—POC is Richard Cardinale.
He may be contacted at DSN 861-4041 (361-961-4041) or e-mail corrosion@amcomcc.army.mil.

https://crcapps2.crc.army.mil/warrior_stories/warrior_story.asp?lessonid=2004930-42

https://forum.miata.net/vb/showpost.php?p=925384&postcount=1

http://www.avweb.com/newswire/news0020b.html

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It's Simple -- Don't Use This To Clean Aircraft

 

A well-known aviation magazine this month published a feature article on cleaning one's aircraft and getting it ready for spring flying. Only one problem -- a product the article recommended as safe for aviation use has been proven corrosive to aluminum. The product is Simple Green, a popular household cleaning liquid. According to the magazine's May issue -- which included a photo of Simple Green and other products -- the liquid "does an admirable job for a fraction of the cost of the aviation cleaners." While that may be true as far as it goes, both the U.S. Air Force and the U.S. Army have conducted tests of Simple Green and strongly urge that it not be used to clean aluminum structures. In one test conducted by the U.S. Air Force, results from which were published in 1989, aluminum alloy samples were immersed in Simple Green for a week then removed, cleaned and weighed. The results indicated that the approximately 3.5-gram aluminum alloy samples experienced a material loss of about 31 milligrams in a diluted solution and a whopping 295 milligram loss after spending a week in the undiluted liquid. The Air Force report summed it up this way: "We do not recommend the use of this product on Air Force equipment containing aluminum." Good advice, that.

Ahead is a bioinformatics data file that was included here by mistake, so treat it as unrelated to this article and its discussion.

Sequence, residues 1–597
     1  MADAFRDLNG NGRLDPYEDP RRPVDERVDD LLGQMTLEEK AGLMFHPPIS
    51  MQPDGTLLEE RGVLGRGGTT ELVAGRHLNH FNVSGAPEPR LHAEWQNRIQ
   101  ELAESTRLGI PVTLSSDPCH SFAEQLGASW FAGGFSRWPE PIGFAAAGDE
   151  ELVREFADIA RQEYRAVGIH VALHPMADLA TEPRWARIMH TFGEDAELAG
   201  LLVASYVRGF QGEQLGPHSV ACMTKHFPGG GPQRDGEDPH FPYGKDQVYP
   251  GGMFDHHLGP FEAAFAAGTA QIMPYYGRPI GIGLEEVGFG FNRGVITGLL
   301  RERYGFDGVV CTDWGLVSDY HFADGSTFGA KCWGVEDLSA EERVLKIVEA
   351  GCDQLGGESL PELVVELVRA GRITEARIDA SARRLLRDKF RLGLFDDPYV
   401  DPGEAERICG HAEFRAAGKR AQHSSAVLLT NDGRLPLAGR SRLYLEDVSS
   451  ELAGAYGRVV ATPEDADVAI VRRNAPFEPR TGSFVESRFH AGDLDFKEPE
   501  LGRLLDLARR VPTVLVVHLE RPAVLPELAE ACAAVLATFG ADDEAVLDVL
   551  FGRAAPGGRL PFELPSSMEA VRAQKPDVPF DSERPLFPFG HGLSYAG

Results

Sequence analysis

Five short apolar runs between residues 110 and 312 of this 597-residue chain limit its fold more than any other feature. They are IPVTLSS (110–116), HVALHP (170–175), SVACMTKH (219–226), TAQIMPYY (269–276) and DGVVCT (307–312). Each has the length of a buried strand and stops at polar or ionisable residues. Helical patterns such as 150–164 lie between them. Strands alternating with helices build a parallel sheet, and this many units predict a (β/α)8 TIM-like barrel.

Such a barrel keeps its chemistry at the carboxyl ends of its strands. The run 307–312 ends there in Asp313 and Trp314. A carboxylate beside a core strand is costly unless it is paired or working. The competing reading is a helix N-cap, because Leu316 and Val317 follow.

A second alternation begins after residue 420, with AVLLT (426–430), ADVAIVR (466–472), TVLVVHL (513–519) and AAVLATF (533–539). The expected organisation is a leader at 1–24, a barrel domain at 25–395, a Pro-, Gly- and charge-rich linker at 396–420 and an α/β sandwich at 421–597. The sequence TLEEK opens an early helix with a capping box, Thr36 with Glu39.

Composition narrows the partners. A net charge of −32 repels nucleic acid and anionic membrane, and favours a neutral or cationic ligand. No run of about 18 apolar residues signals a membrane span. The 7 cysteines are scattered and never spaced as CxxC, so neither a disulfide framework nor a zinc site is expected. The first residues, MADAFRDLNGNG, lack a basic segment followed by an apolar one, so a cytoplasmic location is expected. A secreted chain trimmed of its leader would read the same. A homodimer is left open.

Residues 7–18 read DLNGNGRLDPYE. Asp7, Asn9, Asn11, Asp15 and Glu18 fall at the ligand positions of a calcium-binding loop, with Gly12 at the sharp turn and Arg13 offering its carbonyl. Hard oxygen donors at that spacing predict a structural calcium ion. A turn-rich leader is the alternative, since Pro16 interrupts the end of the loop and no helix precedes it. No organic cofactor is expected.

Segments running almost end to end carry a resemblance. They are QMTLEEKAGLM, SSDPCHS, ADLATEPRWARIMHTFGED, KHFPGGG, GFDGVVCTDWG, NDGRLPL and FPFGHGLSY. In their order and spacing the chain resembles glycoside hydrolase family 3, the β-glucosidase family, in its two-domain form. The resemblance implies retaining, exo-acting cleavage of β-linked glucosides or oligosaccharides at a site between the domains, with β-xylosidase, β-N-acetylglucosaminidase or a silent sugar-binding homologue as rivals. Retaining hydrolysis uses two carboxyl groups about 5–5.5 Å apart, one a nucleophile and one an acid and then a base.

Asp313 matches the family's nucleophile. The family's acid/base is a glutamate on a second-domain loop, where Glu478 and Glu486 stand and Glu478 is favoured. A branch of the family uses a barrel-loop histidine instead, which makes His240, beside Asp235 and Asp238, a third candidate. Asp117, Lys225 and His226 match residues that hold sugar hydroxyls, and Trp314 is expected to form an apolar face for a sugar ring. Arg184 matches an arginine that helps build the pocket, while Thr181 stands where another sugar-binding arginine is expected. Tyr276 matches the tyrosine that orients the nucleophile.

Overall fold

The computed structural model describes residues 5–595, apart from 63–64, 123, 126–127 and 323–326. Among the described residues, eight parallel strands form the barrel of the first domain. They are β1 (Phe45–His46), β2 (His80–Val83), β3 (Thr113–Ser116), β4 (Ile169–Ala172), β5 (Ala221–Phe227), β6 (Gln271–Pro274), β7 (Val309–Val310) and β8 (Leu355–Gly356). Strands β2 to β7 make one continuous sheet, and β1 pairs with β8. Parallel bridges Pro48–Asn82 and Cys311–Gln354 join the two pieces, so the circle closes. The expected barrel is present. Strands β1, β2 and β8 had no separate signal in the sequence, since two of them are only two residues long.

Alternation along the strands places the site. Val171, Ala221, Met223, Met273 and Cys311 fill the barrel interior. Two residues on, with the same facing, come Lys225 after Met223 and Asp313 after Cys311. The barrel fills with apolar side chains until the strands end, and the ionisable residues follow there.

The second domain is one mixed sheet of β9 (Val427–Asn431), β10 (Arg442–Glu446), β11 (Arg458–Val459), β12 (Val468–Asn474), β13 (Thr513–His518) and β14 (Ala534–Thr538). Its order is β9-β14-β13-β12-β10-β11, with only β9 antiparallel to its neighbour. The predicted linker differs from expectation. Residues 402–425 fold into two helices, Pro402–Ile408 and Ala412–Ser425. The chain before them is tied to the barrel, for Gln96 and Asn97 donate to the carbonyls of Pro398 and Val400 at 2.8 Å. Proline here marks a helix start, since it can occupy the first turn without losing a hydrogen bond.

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Wow, did not know it was that aggressive...any other suggestions for heavy duty cleaning off years worth of stuck-on-crud?

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WD-40 is my go to for chain goo. I generally used simple green also for cleaning. I never let it sit on a part as it was spray, scrub, and rinse. I didn't know about how bad it could be either.

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One of things learned in my o-chem classes was "like dissolves like". Personally, I think it's futile to make an aqueous (polar) solution try to dissolve non-polar compounds (oil & grease). A polar solvent works much better. Yeah, I like WD-40 also, or kerosene.